Poland delays the inauguration of its first large-scale nuclear power plant to 2040

Poland is looking towards the launching of its inaugural large-scale nuclear power plant in 2040, adjusting expectations after the prior government’s forecast for a launch in 2032 was deemed overly ambitious. 

The decision to construct at least one, potentially two, nuclear power plants (NPPs) was made by the Law and Justice government, which lost power last year. Talks were initiated with various potential partners, including those from the United States and South Korea.

During the European Economic Congress in Katowice, southern Poland, on Tuesday, Industry Minister Marzena Czarnecka stated that the country was „cautiously assuming the prospect of launching the first large-scale nuclear power plant in 2040.”

The current iteration of the Polish Nuclear Power Programme (PPEJ) from 2020 outlines the construction of two nuclear power plants with a collective capacity of 6-9 GW.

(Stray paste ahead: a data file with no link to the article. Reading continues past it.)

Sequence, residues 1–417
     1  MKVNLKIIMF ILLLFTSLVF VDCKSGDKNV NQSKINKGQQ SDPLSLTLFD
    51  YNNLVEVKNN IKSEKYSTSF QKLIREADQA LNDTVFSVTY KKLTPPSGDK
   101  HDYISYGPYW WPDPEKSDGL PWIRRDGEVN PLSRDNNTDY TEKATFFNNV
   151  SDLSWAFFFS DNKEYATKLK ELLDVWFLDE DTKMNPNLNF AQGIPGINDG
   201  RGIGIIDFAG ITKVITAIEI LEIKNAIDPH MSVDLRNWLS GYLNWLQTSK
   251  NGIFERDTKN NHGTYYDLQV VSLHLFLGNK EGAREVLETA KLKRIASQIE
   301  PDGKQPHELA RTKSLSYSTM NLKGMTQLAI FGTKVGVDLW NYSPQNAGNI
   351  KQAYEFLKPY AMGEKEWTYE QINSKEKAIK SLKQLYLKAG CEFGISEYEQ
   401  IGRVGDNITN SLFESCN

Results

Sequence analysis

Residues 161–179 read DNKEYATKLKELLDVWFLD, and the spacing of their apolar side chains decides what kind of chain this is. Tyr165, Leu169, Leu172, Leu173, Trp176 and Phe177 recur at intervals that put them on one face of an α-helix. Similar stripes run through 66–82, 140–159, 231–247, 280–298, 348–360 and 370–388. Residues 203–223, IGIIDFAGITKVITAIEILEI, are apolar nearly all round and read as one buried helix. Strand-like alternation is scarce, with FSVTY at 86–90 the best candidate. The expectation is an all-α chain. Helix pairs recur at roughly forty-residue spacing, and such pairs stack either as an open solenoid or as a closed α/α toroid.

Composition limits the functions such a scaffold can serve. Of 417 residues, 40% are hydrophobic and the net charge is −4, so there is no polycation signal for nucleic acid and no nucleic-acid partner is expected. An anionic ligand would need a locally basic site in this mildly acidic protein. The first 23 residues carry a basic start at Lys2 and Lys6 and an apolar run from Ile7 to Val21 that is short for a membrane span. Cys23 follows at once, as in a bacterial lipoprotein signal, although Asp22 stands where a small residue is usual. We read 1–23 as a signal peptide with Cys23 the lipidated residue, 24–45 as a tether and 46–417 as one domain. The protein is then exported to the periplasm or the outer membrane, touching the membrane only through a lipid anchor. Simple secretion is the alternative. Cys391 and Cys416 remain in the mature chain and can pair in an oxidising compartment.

The State Treasury and the Polskie Elektrownie Jądrowe (PEJ) company are slated for 100% ownership, acting as investors and operators. The previous government had chosen the American Westinghouse-Bechtel consortium as a partner for Poland’s first major nuclear power plant.

According to earlier projections, construction at the Lubiatowo-Kopalino site was expected to commence in 2026, with the first AP1000 reactor utilising Westinghouse technology operational by 2033, followed by two more within the subsequent three years. The Ministry of Climate and Environment has announced plans to update the PPEJ later this year.

 

Image: X (@WECNuclear)

Author: Sébastien Meuwissen

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